Ukraine is undergoing radical change in anticipation of a Yushchenko victory in the repeat presidential runoff on December 26. Challenger Viktor Yushchenko will have eight months to undertake sweeping and radical reforms before his powers are reduced when constitutional reforms go into effect in September 2005. Planned policies include launching criminal charges for election fraud and completing the investigation into the murder of opposition journalist Heorhiy Gongadze.
Such moves will be important for two reasons. First, they will demonstrate that the rule of law is now sacrosanct in Ukraine; no one will be above the law. Second, they will placate the “Orange Revolution,” whose younger members are closer in spirit to the radical right populist Yulia Tymoshenko, whose parliamentary faction cast the only negative votes against this month’s compromise constitutional reform package.
Youth groups, such as the radical PORA! (It’s Time!), believe Yushchenko should have pressed his Orange Revolution advantage further. Tymoshenko’s popularity has grown in recent weeks, and her bloc should secure a larger portion of the vote in 2006.
Cadre changes will be key in the early phase of a Yushchenko presidency. Expect the Interior Minister Mykola Bilokin to be removed and possibly indicted. Yushchenko campaign manager Oleksandr Zinchenko described him as a “bandit” (razom.org.ua, December 15). The entire Interior Ministry will require an extensive house cleaning.
Other cadre changes will take place in the military and state administration. Discredited Defense Minister Oleksandr Kuzmuk cannot be expected to stay on, and the Yushchenko camp did not welcome Svyatoslav Piskun’s reappointment as prosecutor. Regional governors who used state resources to campaign for Prime Minister Viktor Yanukovych can also expect to lose their jobs.
The presidential administration has been in crisis since the November 21 runoff. Yushchenko supporters have blockaded both the Cabinet of Ministers building and the presidential administration building. Viktor Medvedchuk resigned as head of the presidential office in order to concentrate on the Social Democratic United Party. Meanwhile, deputy presidential administration chief head Vasyl Baziv has declared that he and his staff now support Yushchenko (Financial Times, December 13). Both obviously fear criminal charges for election fraud.
Ukraine’s media fundamentally changed after television censorship collapsed in late November. With Medvedchuk gone, the president’s office no longer issues temnyky (secret instructions on censorship). Pro-Yushchenko Channel Five is now the third most popular channel after Inter (the only channel still controlled by Medvedchuk) and 1+1 (Interfax-Ukraine, December 7).
Ukraine’s centrist political spectrum is re-forming and new alignments negotiated. Yushchenko should be able to muster a parliamentary majority of upwards of 260-270, far higher and more stable than the parliamentary majority created by President Leonid Kuchma’s camp after the 2002 elections. This new majority will include Yushchenko’s Our Ukraine, the Tymoshenko bloc, and the Socialist Party (SPU). Another 100 or so deputies will defect from the pro-Kuchma camp. Parliamentary speaker Volodymyr Lytvyn’s Agrarians have indirectly supported Yushchenko throughout most of this year.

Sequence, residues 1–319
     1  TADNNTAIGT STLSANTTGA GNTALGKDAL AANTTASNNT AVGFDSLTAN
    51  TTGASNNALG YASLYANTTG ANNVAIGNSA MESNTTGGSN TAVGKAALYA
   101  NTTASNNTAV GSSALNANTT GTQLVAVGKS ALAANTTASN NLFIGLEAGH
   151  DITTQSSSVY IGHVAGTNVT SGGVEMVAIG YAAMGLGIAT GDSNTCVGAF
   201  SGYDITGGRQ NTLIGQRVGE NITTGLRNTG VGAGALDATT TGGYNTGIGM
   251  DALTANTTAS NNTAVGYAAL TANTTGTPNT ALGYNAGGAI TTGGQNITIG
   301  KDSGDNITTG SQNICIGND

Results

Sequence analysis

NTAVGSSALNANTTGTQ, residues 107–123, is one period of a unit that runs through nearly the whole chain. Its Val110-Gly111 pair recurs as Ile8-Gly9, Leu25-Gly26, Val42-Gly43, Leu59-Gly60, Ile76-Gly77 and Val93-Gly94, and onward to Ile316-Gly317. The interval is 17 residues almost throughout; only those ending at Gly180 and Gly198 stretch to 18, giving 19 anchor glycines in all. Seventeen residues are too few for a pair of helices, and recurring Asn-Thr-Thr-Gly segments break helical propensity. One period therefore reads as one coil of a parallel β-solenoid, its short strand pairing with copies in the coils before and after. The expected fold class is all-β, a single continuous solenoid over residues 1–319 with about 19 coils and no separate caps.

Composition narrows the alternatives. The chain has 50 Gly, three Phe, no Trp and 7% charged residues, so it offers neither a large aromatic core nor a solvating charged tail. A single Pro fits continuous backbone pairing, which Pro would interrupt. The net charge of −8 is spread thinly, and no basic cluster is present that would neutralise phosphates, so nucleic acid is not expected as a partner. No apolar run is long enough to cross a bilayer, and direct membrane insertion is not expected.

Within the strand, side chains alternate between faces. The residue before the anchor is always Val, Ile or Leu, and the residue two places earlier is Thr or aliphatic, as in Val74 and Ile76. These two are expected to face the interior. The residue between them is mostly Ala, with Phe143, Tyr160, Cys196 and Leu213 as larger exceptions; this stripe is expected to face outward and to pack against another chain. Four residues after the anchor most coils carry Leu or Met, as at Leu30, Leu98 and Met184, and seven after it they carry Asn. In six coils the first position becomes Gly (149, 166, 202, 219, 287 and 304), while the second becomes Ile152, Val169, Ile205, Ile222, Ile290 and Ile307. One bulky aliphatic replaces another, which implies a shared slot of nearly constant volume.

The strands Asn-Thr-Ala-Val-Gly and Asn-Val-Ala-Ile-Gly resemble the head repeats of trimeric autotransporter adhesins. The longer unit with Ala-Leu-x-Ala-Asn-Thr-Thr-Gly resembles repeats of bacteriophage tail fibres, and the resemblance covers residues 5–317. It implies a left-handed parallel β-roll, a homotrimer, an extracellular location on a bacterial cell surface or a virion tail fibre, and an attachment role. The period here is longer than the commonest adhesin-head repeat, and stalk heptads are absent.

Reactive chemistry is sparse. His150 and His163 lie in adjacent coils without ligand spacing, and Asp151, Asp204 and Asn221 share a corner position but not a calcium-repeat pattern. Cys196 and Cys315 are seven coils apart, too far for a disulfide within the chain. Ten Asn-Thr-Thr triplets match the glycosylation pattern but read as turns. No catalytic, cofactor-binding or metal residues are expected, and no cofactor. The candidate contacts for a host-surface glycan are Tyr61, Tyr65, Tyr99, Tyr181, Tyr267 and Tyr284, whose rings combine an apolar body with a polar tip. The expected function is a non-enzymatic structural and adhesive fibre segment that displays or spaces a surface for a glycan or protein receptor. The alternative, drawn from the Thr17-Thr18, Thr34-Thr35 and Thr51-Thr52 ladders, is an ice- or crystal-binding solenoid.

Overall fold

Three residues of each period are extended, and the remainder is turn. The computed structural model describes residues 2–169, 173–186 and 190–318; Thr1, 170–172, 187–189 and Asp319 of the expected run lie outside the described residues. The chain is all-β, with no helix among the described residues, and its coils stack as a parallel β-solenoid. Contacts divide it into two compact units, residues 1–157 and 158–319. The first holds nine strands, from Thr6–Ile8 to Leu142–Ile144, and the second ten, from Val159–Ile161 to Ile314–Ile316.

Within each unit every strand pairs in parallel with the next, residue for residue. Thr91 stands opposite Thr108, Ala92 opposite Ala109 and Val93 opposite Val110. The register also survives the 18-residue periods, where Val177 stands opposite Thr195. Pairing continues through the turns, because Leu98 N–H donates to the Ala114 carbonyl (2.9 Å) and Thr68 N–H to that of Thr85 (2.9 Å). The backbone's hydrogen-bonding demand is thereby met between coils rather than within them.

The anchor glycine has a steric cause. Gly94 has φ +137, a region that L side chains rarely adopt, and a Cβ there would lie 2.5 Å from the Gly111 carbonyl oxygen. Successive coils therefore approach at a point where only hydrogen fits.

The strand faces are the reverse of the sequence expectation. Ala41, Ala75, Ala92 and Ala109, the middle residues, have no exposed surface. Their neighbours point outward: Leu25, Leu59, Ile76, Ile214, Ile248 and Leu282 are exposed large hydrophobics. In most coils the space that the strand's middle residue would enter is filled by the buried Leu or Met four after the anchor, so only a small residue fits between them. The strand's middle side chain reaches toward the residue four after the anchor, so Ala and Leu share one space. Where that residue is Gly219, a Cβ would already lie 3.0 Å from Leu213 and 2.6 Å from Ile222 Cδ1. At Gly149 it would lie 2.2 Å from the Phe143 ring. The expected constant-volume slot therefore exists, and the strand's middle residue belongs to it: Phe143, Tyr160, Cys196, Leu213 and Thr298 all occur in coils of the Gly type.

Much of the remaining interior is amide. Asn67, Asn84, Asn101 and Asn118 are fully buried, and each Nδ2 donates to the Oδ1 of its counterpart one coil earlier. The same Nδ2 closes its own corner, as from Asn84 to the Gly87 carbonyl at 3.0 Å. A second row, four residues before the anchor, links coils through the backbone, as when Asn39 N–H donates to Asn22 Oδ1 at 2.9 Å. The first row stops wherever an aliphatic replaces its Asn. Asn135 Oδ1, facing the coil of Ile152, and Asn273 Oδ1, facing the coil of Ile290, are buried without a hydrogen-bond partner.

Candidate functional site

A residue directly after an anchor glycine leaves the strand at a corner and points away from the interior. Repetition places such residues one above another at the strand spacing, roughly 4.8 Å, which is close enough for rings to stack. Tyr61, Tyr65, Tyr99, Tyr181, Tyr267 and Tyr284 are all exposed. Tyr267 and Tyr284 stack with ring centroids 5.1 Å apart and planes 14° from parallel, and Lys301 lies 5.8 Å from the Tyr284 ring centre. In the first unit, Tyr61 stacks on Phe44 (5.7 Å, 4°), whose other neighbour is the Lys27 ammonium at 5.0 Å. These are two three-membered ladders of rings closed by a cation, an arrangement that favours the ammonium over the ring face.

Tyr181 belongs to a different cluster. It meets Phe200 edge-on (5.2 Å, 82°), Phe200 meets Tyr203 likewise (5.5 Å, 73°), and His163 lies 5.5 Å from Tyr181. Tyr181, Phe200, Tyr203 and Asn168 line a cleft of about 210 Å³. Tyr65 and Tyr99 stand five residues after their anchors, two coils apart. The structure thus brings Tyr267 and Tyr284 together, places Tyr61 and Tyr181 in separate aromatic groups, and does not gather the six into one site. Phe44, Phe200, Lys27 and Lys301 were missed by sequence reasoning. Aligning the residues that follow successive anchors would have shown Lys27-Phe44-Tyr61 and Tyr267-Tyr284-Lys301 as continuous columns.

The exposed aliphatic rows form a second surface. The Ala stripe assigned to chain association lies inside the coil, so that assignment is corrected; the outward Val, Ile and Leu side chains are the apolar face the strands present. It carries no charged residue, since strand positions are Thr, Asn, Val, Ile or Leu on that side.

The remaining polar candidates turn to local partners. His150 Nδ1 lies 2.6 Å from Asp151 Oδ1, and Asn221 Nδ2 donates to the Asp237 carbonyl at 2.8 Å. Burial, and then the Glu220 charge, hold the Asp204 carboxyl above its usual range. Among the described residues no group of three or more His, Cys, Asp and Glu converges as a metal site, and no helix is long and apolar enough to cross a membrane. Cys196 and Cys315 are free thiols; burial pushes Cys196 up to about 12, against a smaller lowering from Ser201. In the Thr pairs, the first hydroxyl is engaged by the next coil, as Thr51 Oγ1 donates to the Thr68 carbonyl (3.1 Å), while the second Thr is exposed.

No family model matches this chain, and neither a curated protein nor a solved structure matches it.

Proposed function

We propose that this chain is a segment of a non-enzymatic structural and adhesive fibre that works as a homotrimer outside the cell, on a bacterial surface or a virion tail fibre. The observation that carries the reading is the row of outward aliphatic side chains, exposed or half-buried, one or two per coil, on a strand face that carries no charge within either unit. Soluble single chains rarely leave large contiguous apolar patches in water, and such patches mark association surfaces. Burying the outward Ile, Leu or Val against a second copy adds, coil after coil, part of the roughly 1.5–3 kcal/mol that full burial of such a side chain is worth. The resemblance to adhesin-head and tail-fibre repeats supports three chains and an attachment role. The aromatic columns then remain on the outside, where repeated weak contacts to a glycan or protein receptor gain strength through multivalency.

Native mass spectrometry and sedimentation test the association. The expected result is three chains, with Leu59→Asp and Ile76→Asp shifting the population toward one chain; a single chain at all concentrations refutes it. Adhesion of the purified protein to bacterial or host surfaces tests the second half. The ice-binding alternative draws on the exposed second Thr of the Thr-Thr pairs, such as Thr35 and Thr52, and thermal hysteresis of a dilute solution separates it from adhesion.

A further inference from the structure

Serhiy Tyhipko, former head of Yanukovych’s election campaign, saw his Labor Ukraine faction implode. The Dnipropetrovsk clan, Kuchma’s home base, has no representation in parliament for the first time since the mid 1990s. Its deputies will migrate to Yushchenko. Former Labor Ukraine oligarch Andrei Derkach supported Yushchenko in the elections by providing him with access to his ERA television and radio channels. The People’s Democratic Party (NDP) also collapsed when its leaders supported Yanukovych against the wishes of the rank-and-file.
Yushchenko’s parliament will have a new opposition that includes the Communist Party (KPU), Medvedchuk’s SDPUo, and Yanukovych’s Regions of Ukraine. Besides being in opposition to Yushchenko, the opposition will be pro-Russian. This new opposition currently has 140-150 deputies, but the figure is likely to decline further.
Volodymyr Satiuk, former deputy head of the Security Service and an SDPUo loyalist, is also anticipated to lose his job. Yushchenko likely ingested dioxin during a meal at Satiuk’s country residence on the evening of September 5. Satiuk would have only undertaken such an operation with authorization from political higher ups, such as Medvedchuk. Neither Medvedchuk not Satiuk have parliamentary immunity and are therefore easy targets for a criminal case.
Without Medvedchuk, the SDPUo will no longer be a viable political force. Its extensive party infrastructure will crumble, as it would no longer be able to steal from the state budget or extort businessmen. Russian businessman Konstantyn Grigoryshyn has already threatened to take back many of his assets that he claims were stolen by Medvedchuk and his allies (Ukrayinska pravda, December 13-14).
A Yushchenko victory on December 26 will permanently change Ukraine’s political landscape. Instead of Yanukovych’s consolidated autocracy and Russian-style managed democracy, Ukraine is set to move decidedly ahead in democratization ahead of the 2006 elections, the first election to be held in Ukraine with a fully proportional law.